In thick of playoff race, Pouliot gets second chance with Wild Print
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Friday, 14 March 2008 12:55
NHL Headline News

 ST. PAUL, Minn. (AP) -Jacques Lemaire hasn't seen the beating that Benoit Pouliot took during a minor league game against the Hartford Wolf Pack last week.
The ``fight'' happened while Pouliot was playing for the Houston Aeros, and it was ugly. Hartford's Dane Byers pummeled Pouliot with an uppercut that knocked two of his bottom teeth loose, then slammed his face into the ice several times.
``I didn't really look at it. He looks fine,'' Lemaire said after the Wild recalled Pouliot on Friday. ``I think he's happy to be here. Teeth or no teeth.''
No truer words have been said. Pouliot, the fourth overall draft pick in 2005, is finally getting another chance with the big club after an arduous season spent in Houston, and that's not even including the fight.
Pouliot had a chance to make the team out of training camp, but with veteran centers Wes Walz and Eric Belanger among those on the roster, he was one of the final cuts.
He spent three games up here in November, but was quickly sent back down for more seasoning.
``It was tough, obviously. It was real rough,'' Pouliot said of being sent back down. ``I went back, and as soon as I went back, I got injured for a month-and-a-half and I didn't play hockey for a while. I came back strong after that.''
He had 10 goals and 14 assists with the Aeros this season, numbers that are by no means eye-popping. But Lemaire thinks a lack of talent around him could mean that he will be better with the Wild.
``He didn't have such a great year,'' Lemaire said. ``But all the reports that I got were that he could be a better NHLer than a minor. ... If he's got the right people to play with him, guys that will help him at different times, I think he can make it.''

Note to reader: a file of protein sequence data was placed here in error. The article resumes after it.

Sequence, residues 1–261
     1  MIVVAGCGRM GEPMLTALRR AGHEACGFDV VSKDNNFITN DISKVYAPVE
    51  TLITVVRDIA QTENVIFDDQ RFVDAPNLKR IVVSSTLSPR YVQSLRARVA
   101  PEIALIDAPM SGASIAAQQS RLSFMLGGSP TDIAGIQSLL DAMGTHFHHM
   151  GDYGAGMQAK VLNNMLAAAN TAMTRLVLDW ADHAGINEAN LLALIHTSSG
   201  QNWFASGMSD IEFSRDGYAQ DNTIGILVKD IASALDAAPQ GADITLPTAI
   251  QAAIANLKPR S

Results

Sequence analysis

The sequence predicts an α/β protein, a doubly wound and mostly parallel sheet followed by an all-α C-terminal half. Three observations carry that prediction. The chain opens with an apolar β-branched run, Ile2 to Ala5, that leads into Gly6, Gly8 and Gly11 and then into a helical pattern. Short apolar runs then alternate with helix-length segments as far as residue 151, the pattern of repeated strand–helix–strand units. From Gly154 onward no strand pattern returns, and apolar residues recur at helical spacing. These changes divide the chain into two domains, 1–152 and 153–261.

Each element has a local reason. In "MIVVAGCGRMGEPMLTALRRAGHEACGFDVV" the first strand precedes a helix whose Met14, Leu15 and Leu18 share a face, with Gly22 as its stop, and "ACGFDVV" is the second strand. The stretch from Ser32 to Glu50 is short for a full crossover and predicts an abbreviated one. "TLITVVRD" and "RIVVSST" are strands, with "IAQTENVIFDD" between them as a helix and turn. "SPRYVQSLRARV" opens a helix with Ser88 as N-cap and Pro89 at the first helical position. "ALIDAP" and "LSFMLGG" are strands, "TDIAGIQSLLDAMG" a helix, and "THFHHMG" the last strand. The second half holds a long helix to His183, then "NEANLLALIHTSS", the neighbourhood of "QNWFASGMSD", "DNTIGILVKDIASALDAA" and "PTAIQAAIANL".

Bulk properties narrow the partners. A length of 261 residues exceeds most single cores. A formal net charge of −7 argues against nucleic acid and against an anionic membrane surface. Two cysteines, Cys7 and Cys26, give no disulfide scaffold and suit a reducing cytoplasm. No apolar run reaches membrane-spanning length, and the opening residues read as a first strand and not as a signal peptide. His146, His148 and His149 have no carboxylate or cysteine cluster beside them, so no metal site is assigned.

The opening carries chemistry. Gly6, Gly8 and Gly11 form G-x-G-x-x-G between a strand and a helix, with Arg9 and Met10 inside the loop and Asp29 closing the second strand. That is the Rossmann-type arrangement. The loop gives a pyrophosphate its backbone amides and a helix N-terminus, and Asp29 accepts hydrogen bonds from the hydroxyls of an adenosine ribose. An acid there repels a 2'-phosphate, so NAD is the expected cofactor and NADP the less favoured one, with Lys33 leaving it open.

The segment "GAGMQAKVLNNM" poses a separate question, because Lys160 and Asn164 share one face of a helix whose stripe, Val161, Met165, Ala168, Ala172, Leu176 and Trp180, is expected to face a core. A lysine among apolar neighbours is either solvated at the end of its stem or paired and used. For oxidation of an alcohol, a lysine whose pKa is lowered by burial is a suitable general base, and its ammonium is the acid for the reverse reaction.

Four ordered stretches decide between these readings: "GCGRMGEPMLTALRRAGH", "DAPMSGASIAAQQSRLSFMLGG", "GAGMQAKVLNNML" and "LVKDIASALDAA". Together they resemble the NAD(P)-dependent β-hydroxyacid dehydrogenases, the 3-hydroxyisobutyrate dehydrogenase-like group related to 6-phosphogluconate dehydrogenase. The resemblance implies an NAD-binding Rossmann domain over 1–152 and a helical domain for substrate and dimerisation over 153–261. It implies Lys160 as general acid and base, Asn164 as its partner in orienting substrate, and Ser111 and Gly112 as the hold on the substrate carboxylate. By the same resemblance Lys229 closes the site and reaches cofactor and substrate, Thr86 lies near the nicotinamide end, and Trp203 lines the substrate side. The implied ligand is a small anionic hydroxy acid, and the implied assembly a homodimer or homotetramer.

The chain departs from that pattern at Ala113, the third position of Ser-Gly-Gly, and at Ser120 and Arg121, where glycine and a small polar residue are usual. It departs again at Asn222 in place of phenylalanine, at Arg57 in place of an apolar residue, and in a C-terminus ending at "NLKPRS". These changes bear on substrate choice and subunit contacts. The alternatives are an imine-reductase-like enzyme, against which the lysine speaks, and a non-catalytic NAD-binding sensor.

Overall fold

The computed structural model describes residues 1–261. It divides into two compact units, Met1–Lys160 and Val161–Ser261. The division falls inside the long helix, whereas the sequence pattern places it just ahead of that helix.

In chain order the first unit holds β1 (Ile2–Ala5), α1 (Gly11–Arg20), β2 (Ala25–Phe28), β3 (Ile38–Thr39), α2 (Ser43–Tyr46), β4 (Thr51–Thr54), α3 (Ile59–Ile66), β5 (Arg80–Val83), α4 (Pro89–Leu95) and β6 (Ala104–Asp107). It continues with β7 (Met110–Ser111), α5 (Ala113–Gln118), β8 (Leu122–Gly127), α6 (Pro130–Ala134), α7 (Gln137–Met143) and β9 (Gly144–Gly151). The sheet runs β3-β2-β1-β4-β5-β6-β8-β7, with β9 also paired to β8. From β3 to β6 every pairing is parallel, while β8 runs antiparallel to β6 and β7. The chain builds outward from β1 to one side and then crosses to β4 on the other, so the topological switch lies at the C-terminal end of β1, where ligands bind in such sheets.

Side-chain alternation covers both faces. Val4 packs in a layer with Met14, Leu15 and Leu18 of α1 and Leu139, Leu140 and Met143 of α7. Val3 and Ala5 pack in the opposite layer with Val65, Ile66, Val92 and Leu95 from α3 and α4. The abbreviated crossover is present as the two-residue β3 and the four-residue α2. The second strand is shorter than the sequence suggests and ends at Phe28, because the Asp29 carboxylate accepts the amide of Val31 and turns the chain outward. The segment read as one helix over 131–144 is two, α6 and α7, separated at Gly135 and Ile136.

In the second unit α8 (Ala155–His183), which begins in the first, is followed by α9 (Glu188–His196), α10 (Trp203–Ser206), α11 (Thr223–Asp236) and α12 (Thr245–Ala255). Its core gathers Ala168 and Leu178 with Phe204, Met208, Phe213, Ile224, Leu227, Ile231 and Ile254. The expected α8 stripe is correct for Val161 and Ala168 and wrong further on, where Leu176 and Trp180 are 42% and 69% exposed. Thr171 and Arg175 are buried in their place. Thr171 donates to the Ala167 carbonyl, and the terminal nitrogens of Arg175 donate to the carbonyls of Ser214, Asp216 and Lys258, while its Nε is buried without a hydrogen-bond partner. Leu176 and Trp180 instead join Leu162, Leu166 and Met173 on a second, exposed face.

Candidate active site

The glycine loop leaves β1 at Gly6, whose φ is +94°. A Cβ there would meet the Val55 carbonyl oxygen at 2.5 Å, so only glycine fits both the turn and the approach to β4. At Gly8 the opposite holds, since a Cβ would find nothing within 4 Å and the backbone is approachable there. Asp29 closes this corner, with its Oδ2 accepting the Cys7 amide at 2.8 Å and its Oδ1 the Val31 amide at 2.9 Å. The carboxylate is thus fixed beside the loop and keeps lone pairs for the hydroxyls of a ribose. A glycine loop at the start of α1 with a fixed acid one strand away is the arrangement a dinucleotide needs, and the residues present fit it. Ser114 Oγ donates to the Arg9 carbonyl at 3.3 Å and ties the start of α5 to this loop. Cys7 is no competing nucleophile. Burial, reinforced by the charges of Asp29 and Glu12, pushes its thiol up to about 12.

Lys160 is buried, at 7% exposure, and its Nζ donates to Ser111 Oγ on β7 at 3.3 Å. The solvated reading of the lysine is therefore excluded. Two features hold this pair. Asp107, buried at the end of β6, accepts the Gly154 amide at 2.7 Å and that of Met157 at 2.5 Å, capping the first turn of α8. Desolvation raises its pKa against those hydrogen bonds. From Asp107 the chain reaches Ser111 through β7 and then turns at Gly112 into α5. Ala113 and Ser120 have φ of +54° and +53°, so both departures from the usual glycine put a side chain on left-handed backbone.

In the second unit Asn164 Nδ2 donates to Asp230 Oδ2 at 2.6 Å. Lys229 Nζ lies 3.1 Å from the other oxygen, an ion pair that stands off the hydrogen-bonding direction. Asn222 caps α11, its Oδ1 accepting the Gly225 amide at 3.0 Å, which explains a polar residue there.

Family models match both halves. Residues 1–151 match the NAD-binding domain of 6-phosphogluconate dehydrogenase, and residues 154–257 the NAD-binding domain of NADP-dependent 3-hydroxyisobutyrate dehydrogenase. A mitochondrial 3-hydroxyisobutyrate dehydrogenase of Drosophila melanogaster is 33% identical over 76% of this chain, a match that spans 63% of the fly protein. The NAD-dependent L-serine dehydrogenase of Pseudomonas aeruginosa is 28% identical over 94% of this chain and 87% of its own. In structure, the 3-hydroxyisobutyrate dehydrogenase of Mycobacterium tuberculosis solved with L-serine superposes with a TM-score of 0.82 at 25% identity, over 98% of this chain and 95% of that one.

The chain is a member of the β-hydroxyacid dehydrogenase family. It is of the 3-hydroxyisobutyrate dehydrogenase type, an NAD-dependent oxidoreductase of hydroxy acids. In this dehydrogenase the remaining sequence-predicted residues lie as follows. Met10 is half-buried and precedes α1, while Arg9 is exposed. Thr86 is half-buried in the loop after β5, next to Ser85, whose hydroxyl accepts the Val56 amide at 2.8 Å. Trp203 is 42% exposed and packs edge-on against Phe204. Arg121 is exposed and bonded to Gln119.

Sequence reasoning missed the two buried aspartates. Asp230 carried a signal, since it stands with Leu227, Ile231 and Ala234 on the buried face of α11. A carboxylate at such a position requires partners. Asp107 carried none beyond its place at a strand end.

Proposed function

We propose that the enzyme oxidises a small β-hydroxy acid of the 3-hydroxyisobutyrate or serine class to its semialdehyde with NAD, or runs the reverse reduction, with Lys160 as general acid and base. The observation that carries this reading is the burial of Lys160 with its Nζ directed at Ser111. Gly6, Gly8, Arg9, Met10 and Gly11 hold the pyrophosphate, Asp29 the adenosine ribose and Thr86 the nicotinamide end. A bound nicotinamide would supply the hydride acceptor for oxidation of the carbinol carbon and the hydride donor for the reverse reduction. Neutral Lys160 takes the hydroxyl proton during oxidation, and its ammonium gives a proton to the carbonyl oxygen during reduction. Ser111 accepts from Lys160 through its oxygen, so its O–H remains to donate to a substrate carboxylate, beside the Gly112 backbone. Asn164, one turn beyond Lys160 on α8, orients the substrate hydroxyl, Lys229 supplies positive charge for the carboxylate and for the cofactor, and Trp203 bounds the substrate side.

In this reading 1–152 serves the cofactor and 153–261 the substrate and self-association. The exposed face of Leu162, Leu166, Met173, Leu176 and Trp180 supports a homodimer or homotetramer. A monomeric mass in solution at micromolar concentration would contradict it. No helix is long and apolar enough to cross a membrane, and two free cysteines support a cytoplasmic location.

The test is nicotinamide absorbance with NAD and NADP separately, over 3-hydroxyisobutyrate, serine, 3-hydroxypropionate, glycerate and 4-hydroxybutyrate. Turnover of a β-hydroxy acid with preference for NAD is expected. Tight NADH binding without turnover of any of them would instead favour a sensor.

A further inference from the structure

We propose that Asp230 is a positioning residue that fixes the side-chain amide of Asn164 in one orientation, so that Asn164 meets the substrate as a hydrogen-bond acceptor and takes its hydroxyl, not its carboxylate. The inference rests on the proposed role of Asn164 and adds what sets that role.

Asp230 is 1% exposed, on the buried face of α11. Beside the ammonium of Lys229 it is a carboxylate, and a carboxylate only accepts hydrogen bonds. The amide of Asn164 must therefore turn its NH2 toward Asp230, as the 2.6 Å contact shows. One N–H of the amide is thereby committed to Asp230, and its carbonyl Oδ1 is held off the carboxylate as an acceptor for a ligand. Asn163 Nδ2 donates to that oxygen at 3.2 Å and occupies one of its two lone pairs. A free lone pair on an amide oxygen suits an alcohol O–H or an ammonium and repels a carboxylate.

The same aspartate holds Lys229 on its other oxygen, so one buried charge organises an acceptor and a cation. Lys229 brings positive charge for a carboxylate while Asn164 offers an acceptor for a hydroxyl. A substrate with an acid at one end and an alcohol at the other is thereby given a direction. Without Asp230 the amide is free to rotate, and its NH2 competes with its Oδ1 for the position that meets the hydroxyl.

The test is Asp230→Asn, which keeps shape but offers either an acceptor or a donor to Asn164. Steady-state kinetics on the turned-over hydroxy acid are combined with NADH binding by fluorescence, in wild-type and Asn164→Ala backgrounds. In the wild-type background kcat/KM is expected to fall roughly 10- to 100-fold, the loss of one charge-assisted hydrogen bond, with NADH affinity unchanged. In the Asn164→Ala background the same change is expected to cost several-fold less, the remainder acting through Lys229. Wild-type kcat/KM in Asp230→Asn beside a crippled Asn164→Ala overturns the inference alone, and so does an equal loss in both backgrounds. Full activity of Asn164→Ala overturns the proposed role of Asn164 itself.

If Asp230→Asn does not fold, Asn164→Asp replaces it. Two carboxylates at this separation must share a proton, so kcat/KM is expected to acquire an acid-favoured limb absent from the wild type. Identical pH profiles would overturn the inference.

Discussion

The Aeros moved him from left wing to center in mid-January and gave him plenty of ice time. Now he finds himself thrust into the middle of a playoff-contending team in desperate need of a healthy center.
``We need centers,'' Lemaire said plainly.
Walz abruptly retired just a few weeks into the season and the Wild have struggled to replace his grit and unselfishness all year long. Problems worsened when Belanger broke the big toe on his right foot last week and his replacement, Steve Kelly, hurt his left ankle on Thursday against New Jersey.
That leaves the door wide open for Pouliot.
``Now I get another chance,'' Pouliot said after practice Friday, less than two hours after getting off a plane from Houston. ``I didn't really stay long last time. Hopefully I get to stay longer this time and maybe stay for the playoffs, too.''
How long Pouliot stays this time, Lemaire said, depends strictly on Pouliot.
``You get a chance to do something, you play well, then another guy will slip and you'll jump at his spot,'' Lemaire said.
The Wild certainly need a boost. They've lost five in a row heading into Saturday night's game against Los Angeles and have a tenuous hold on the No. 6 spot in the Western Conference playoff race.
They started the day just four points up on No. 9 Nashville and only two points behind Colorado for the Northwest Division lead.
Pouliot knows there will be a lot riding on each shift - for the Wild and their playoff fate this season, and for him and his standing with the team heading into next year.
That said, he is trying not to put too much pressure on himself, saying he wants to ``just play games. Be in the lineup. Be part of the team and hopefully make good things happen with the guys and just stay as long as I can.''
Lemaire knows Pouliot has the tools.
``At his best, he's good with the puck, he can skate, he's strong. Put it together,'' Lemaire said. ``He knows the game. He can make plays. He can score. So, put it together and you'll be playing in the NHL.''
As for his mangled mouth, courtesy of Byers, Pouliot has taken that in stride, too.
``I punched him first, so it wasn't his fault,'' Pouliot said before alluding to Byers driving his face into the ice. ``At the end there, what happened, it's part of the game. If it didn't happen, it wouldn't be hockey, so that's what it is.''
 

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